The MS Society recently announced it will invest £2 million into the Edinburgh Centre for MS Research.
This funding will support the research work of a team of about fifteen world-leading research experts from the University of Edinburgh. The team co-directed by Professors Siddharthan Chandran and Charles ffrench-Constant will continue their pioneering investigation on the origins and mechanisms behind Multiple Sclerosis to understand how to slow or stop disease progression. The research team is composed of researchers from different fields across the University, mainly investigators from the MRC Centre for Regenerative Medicine, Centre for Clinical Brain Sciences, and Centre for Neuroregeneration.
The Anne Rowling Regenerative Neurology Clinic will provide an interface between the laboratory-based basic science and clinical research. Collaborations with the MS Society Tissue Bank at the Imperial College London, the Cambridge Centre for Myelin Repair, and the UK MS Register at Swansea University are vital to the triumph of the project.
Edinburgh Centre investigators will focus their research on stem cells over the next 5 years to understand how MS develops. They will also work on methods for modeling the disease and for discovering effective treatments to repair the damage that MS causes.
“In Scotland we are uniquely placed to conduct this world-class research, and as the country with one of the greatest burdens of this condition it is increasingly important that we should take a lead in tackling it. We are very fortunate to have a wealth of expertise in regenerative medicine, an NHS that is hardwired to support the best clinical research, and a wonderful community of patients and supporters. With their help, we hope to change the experience of MS for people around the world,” said in a recent news release Professor Siddharthan Chandran, Co-Director of the Edinburgh Centre for MS Research; Director, Centre for Clinical Brain Sciences.
During the past years, the Edinburgh Centre has made significant advances in studying the disease. In a partnership with the MS Society-funded Cambridge Centre for Myelin Repair, researchers discovered important molecules that can play significant roles in the regeneration and repair of myelin, one of which is called RXR-gamma. The team is now working on a small clinical trial that will evaluate the effectiveness and safety of a new drug targeting RXR-gamma, which could repair myelin in MS patients.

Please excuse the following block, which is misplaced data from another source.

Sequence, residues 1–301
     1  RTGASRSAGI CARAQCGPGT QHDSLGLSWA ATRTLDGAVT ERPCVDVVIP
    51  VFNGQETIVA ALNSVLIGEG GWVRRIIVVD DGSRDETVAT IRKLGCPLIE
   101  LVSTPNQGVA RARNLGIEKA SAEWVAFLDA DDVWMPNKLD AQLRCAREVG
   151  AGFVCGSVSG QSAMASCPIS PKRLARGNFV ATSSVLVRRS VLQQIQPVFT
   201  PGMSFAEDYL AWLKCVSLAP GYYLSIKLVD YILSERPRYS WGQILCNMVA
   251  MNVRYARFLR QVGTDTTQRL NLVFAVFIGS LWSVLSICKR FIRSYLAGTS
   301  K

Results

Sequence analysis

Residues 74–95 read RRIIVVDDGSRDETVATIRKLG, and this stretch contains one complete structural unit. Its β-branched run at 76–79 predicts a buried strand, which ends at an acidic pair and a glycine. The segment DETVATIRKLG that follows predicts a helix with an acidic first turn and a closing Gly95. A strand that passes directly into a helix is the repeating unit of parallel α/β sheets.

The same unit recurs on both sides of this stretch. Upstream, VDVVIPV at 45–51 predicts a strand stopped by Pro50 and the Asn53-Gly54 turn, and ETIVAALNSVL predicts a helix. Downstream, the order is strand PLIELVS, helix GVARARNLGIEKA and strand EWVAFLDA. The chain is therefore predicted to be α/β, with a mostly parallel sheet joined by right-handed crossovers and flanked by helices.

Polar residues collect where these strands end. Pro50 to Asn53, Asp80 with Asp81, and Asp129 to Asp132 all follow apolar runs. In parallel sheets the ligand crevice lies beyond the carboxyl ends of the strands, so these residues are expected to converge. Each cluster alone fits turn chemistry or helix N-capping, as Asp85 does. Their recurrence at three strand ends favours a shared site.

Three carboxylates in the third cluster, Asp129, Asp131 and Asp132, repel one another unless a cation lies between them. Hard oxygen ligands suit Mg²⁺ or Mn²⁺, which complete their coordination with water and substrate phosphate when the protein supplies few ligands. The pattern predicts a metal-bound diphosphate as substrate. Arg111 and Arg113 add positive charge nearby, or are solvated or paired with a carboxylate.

“The value of this funding cannot be underestimated at a time when we have real grounds for optimism in MS research. Stem cells provide genuine hope as a vital tool for drug development. We are confident that they could soon help us answer the unmet need for treatments to stop, slow or reverse the symptoms of this condition,” said Professor Charles ffrench-Constant, Co-Director of the Edinburgh Centre for MS Research and Director, MRC Centre for Regenerative Medicine.
The MS Society is a global leader of MS research and is the leading UK charity for people with MS.
Michelle Mitchell, Chief Executive of the MS Society in the UK, said: “We know that people with MS desperately want treatments that can slow, stop or reverse the effects of MS progression — and the world-class researchers at the Edinburgh Centre could be pivotal in paving the way for how the condition is treated in the future. Aside from the cutting-edge research being carried out there, it’s also a place where highly promising young scientists are being supported to embark on a career in the field ofMS, ensuring that the best scientific minds are focussed on finding answers for people with the condition for years to come.”
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